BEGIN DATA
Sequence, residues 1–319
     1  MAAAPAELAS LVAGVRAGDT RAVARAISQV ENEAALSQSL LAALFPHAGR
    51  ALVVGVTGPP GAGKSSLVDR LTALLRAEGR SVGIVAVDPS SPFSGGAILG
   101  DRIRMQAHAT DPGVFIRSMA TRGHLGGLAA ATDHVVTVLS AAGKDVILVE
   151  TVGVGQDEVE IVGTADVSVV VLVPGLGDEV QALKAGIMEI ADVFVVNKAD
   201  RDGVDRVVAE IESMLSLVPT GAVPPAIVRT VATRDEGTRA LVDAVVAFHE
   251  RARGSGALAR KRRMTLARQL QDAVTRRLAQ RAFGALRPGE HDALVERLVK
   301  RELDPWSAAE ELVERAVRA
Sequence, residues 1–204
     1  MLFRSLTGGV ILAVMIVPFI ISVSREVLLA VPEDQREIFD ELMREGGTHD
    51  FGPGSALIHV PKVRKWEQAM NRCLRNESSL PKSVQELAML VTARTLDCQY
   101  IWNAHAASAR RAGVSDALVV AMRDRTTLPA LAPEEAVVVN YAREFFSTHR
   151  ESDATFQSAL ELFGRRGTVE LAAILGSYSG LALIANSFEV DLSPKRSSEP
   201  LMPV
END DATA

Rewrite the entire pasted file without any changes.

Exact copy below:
Sequence, residues 1–319
     1  MAAAPAELAS LVAGVRAGDT RAVARAISQV ENEAALSQSL LAALFPHAGR
    51  ALVVGVTGPP GAGKSSLVDR LTALLRAEGR SVGIVAVDPS SPFSGGAILG
   101  DRIRMQAHAT DPGVFIRSMA TRGHLGGLAA ATDHVVTVLS AAGKDVILVE
   151  TVGVGQDEVE IVGTADVSVV VLVPGLGDEV QALKAGIMEI ADVFVVNKAD
   201  RDGVDRVVAE IESMLSLVPT GAVPPAIVRT VATRDEGTRA LVDAVVAFHE
   251  RARGSGALAR KRRMTLARQL QDAVTRRLAQ RAFGALRPGE HDALVERLVK
   301  RELDPWSAAE ELVERAVRA
Sequence, residues 1–204
     1  MLFRSLTGGV ILAVMIVPFI ISVSREVLLA VPEDQREIFD ELMREGGTHD
    51  FGPGSALIHV PKVRKWEQAM NRCLRNESSL PKSVQELAML VTARTLDCQY
   101  IWNAHAASAR RAGVSDALVV AMRDRTTLPA LAPEEAVVVN YAREFFSTHR
   151  ESDATFQSAL ELFGRRGTVE LAAILGSYSG LALIANSFEV DLSPKRSSEP
   201  LMPV